Other Fun Sauce Recipes
Believe it or not, there are sauces other than barbecue sauces.
Adam Perry Lang's Board Sauces. This is a really clever idea that works superbly on beef, lamb, and chicken. When I read about it I slapped my forehead and said "why didn't I think of that!"
Change Your Life Rich Red Wine Sauce. Similar to the classic French Bordelaise sauce, this velvety rich sauce makes a classic topping for beef and lamb. I love it on beef tenderloin or filets mignon. It just illuminates a lightly smoked pork chop. As heretical as it may seem, it is great on pulled pork. I like to serve boiled baby potatoes on the side, and I douse them with this sauce too.
DC Mumbo Sauce. The Washington Post says "The Italians may have their marinara and the French their bearnaise, but for many DC natives, the sauce that captures the flavor of home is called mumbo. Few can tell you how it's made or where it originated, but they know this: If you grew up in one of the mostly African American areas of the city, you've likely known the taste your entire life. If you didn't, you probably have no idea what it is." I'll tell what it is. It's a delightful sweet sour sauce that's perfect for fried chicken or stir fry. Here's the story of Mumbo Sauce and a very nice recipe.
Gaucho Chimichurri Sauce. Chimichurri Sauce comes from Argentina where the pampas are for cattle grazing, and grilled grass-fed beef with bright green sauce is practically the national dish. But I like mine best on fish!
Marvelous Marinara Sauce. Marinara sauce is the great classic Italian tomato sauce from Naples via Spain. It is the base sauce (or gravy as many Italian-Americans call it) for spaghetti and meatballs, pizza sauce, and so many Mediterranean dishes. It is so easy to make, and it freezes well, so there is no reason to every buy it in a jar again.
Grownup Mustard Sauce. It's a barbecue sauce, it's a dipping sauce, it's a hot dog sauce, it's better than mustard whenever a recipe calls for mustard.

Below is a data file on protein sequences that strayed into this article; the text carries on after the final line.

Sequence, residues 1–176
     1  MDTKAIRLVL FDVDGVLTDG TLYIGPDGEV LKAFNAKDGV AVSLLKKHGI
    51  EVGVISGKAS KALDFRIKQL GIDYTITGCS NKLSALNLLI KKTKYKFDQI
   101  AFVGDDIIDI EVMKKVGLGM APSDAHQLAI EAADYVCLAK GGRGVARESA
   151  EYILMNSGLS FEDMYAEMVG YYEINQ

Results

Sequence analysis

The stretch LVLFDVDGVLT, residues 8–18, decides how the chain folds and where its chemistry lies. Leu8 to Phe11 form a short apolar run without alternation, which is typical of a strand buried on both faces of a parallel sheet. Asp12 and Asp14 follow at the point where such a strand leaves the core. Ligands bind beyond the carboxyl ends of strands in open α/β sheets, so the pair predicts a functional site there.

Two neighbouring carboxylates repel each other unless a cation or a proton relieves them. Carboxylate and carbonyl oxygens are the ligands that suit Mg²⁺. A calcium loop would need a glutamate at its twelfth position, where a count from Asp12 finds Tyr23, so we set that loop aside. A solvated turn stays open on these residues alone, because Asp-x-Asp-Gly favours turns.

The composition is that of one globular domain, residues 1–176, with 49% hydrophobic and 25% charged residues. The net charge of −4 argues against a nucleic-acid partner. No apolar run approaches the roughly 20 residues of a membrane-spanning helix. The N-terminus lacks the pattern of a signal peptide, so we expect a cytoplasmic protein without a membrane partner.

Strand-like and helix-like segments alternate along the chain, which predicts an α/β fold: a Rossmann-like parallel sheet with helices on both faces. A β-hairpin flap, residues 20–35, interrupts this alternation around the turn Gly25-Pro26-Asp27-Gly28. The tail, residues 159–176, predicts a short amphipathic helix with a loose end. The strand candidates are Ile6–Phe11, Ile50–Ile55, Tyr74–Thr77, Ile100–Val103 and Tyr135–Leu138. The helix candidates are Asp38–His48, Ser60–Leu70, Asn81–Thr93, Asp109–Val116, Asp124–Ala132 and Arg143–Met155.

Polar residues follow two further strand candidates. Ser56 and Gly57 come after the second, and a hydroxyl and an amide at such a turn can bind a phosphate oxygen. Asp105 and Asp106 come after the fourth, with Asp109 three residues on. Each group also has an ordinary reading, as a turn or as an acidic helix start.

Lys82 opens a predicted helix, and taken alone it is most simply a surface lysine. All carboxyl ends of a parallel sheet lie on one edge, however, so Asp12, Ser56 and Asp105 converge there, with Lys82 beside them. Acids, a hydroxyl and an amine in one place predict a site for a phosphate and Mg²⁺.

Zombie Blood Homemade Ketchup. It's easy and it's better, and you can customize it to your taste.
Hawaiian Huli-Huli Teriyaki Sauce. Meathead's sweet, but not too sweet, fragrant, gingery take on teriyaki sauce.
Brigit Binns Homemade Steak Sauce. This one is sooooo much better that the bottled stuff.
Genovese Pesto. The Italian basil based classic is super all by itself on meats and as an additive to other sauces.
Piccata Sauce for Grilled Veal, Chicken, or Pork. This is a simple Tuesday night sauce that produces Sunday night food. It is especially good on chicken breasts because they can be on the dry side. The classic piccata is cooked indoors in a skillet, and the sauce is called a pan sauce because it includes the brown bits that stick to the bottom of the pan, but the recipe is a snap to make on the grill. Here's both the grilled and the pan version.
Horseradish Cream Sauce. This creamy mild horsey sauce works like Secretariat on the Triple Crown of roast beef sandwiches, smoked salmon, and baked potatoes. You can also use it on corned beef and its cousin, New England Boiled Dinner. We love it as a dip for carrots, celery, and potato chips.
Controlled Burn Hot Sauce. There are a gazillion hot pepper sauces on the market. The problem I have with them is that most are all about the heat. Well I'm all about the flavor. So here's my recipe for a fiery sauce with multiple dimensions, complexity, and depth of flavor. It will not overwhelm food or me. Because too hot a sauce makes me cry like a teenager who has lost her cell phone.
Harissa. The best hot pepper paste going. Make up a batch, put it in the fridge, and add it to anything that needs heat.
Guy Fieri's Mojo Sauce. Mojo sauce is a catchall for a wide range of big flavored sauces and marinades from the Caribbean. Some are red, some are green. They are especially popular in Cuba and Puerto Rico where every mother has her own recipe, usually relying heavily on garlic, olive oil, citrus. Here Food Network Star Guy Fieri has paired his mojo with my favorite food, pork ribs, but in the Caribbean it is used on whole hog, chicken, fish, and beef.
The Zen of Stock, Gravy, & Bouillon. Just what are the differences?
...more to come (to be notified when new recipes and other articles come online, be sure to subscribe to my free, spam free, email newsletter).
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